Exit interviews – a tool for staff retention or just a waste of time?

Employers need to hear constructive criticism, but don’t go out with all guns blazing

Your boss sucks, the company culture is toxic and you’re run ragged from constantly having too much to do. All good reasons to jump ship and, with new pastures beckoning, you’re looking forward to telling it like it is at the exit interview. A word to the wise – don’t.

Take the long-term view. Resist the urge to vent and refrain from saying anything now that could harm your career further down the road.

“It’s very tempting to go into an exit interview with all guns blazing, particularly if you’re leaving under less than favourable circumstances. But it’s actually far better to take a step back and prepare for the exit interview with a clear head,” says executive coach Sinead Scott-Lennon, managing director of HR for Better Workplaces.

“Sectors, and often entire industries, can be very interconnected and sometimes cliquey, and you don’t want to burn any bridges. You may run into colleagues or a former boss at industry events or even rely on them for a reference at some point in the future.


Secondly, the exit interview is your opportunity to help improve working conditions for other employees and constructive suggestions can leave a favourable impression after your departure.”

Mixed opinions

Opinions about the value of exit interviews are mixed and tend to split between those who see them as an underused resource for employee retention and those who consider them a gigantic waste of time. Some organisations do them, some don’t. Some take them seriously, some don’t. Some include line managers as part of the process, others assume HR will do all the heavy lifting, although that has its limitations according to one senior executive.

“I’ve done a few exit interviews in my time and seen them done by the organisations I’ve worked for,” he says. “If they’re conducted by HR alone, action rarely ensues. They become a wasted opportunity and nothing changes.”

Those in the pro camp believe exit interviews are something leaders should be focusing on a lot more to give their organisation an edge when it comes to competing for talent. High employee churn is a good predictor of low performance, and any company that can retain its employees while its competitors are losing theirs, is at a significant advantage.

This means being prepared to listen and learn from those who leave and make changes based on their feedback.

For example, if successive leavers say manager X is great on a technical level but a disaster at dealing with people, this may raise questions about the skillsets being looked for in those applying for supervisory roles.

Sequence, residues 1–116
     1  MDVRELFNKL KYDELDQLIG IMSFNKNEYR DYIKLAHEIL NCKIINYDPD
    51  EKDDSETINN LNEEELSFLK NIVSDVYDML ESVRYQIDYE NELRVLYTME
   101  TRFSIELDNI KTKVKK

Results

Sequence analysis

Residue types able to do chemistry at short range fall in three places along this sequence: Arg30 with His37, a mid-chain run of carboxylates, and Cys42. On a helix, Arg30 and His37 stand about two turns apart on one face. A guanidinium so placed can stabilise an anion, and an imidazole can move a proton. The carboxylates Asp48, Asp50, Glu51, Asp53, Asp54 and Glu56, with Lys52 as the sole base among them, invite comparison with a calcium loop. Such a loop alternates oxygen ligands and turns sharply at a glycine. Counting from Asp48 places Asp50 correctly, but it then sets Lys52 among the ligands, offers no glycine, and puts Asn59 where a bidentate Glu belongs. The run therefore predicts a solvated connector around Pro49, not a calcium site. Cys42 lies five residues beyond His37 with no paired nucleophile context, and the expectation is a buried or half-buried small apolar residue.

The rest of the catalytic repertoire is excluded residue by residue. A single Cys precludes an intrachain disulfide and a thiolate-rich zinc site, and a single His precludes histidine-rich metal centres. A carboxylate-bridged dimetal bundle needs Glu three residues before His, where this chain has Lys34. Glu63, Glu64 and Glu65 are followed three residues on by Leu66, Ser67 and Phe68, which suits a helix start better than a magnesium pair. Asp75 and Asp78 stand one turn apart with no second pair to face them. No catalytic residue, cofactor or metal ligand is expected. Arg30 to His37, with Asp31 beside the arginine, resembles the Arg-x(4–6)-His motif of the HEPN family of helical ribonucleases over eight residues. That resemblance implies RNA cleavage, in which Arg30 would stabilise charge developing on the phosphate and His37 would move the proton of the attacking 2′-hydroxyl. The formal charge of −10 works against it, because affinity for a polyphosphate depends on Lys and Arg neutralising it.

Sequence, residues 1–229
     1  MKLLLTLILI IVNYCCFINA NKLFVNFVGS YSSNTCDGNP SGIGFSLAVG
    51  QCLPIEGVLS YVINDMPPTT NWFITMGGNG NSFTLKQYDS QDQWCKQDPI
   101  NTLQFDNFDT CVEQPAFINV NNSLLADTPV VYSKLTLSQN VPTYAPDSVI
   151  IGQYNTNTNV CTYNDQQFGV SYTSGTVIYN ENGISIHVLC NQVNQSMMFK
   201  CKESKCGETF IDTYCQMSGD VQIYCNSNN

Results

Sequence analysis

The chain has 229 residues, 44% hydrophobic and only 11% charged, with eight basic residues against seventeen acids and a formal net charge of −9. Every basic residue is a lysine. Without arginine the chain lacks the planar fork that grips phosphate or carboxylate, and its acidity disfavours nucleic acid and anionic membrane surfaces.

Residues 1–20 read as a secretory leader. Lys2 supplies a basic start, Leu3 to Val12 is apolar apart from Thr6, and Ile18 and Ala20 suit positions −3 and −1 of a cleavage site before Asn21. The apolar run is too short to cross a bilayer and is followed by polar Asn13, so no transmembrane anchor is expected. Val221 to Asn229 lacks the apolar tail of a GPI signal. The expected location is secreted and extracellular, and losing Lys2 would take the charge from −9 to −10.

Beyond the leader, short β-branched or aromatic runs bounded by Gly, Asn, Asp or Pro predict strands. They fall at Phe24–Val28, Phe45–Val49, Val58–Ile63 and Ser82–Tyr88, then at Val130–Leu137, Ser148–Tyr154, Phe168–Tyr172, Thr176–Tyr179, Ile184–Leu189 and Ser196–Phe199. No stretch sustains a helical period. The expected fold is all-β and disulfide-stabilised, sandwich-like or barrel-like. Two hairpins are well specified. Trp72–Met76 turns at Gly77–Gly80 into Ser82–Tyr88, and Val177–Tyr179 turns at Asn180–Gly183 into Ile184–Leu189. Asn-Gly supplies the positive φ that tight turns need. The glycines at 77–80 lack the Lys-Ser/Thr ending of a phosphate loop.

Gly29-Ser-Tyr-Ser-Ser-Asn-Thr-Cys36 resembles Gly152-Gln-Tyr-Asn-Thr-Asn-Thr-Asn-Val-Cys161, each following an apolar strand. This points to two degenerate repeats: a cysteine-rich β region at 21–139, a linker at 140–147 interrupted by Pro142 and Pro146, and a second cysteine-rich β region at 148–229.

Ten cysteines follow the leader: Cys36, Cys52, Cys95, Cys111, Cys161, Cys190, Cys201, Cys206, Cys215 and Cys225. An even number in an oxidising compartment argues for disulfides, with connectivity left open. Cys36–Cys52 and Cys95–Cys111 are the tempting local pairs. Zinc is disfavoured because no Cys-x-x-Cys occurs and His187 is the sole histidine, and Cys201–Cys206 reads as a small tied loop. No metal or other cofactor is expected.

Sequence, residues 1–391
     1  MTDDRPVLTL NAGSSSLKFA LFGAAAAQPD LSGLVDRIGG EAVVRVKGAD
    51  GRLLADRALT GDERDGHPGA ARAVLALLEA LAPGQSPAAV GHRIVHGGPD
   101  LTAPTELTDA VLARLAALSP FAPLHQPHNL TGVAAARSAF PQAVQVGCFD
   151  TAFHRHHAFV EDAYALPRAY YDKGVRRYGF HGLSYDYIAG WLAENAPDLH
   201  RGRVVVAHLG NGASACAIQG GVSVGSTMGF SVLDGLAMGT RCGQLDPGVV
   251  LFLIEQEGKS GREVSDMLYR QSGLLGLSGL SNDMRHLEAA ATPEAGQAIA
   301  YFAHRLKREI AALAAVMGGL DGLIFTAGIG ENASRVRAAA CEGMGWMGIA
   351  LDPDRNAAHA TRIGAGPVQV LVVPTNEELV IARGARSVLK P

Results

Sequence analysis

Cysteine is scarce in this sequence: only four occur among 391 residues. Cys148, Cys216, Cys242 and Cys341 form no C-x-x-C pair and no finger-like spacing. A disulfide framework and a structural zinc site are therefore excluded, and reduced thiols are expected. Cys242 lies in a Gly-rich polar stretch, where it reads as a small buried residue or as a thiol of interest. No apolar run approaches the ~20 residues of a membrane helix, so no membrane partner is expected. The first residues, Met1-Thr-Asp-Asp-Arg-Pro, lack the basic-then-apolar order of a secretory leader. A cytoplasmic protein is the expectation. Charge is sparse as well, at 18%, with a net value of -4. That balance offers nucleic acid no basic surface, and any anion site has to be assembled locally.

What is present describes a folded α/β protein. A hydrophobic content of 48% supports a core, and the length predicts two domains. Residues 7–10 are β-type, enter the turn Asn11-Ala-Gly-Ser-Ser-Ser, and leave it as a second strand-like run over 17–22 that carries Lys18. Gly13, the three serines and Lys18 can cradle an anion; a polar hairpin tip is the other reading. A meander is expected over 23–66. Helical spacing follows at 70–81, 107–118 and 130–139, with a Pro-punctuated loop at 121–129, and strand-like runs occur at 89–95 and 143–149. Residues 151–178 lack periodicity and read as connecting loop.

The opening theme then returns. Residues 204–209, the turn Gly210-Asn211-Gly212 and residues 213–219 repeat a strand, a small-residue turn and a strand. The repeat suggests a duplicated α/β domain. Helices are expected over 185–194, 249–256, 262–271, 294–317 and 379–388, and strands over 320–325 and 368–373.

Exit interviews can also be a useful way of gleaning insights into the workings of rival employers. If the departing staff member flags that they are leaving for a more clearly defined route to promotion or a better work-life balance, this adds up to “could do better” on the company report card.


Most people are more than willing to share their observations, but the process quickly becomes no more than a box-ticking exercise unless the information is analysed, shared and used as a basis for action.

“Employers that don’t conduct thoughtful exit interviews are missing a trick, but getting the timing right is crucial,” says Kieran McKeown, managing director of Matrix Recruitment. “Don’t do it right after someone announces they are leaving, because emotions will be at peak level. Equally, don’t wait until the employee has disengaged and checked out mentally. Somewhere in between is ideal.

“It is a good idea to involve the manager directly above the person who is leaving, as they are likely to have a stronger relationship and the manager can take immediate action to implement change based on the feedback.

“There’s a temptation to focus on salary and benefits and to assume an employee is leaving because they are being offered more money. More often than not, that’s not the case, especially since the pandemic has made people re-evaluate their lives,” McKeown adds.

“It’s more about figuring out what did and did not motivate someone while they were working for you, so you need to delve a little deeper. You need to get their frank thoughts not only on their job, but also on working conditions and office culture as this can lead to an opportunity to improve motivation, efficiency and effective teamwork for remaining and future staff.”

Some people dread the exit interview every bit as much as the entry interview that got them the job in the first place. If the going gets tough, as can happen, Sinead Scott-Lennon advises departees to keep their cool because the decision to leave has already been made.

“If you start getting negative feedback, ask for specifics so you can learn from it,” she says. “Be gracious rather than defensive and try to view the feedback from the interviewer’s stance. Maintain your dignity and give your feedback honestly and in a professional way.

“Focus on some of the positives and be constructive. Don’t finger-point or badmouth specific people within the organisation.”

Businesses are often very poor at handling departures, and in many organisations the rumour mill steps in to fill the void, which can be damaging.

As the senior manager observed: “Difficult ‘leavings’ lead to difficult ‘belongings’. It’s not just about the individual leaving but also those left behind, especially if the person going has been a strong leader who has led many,” he says.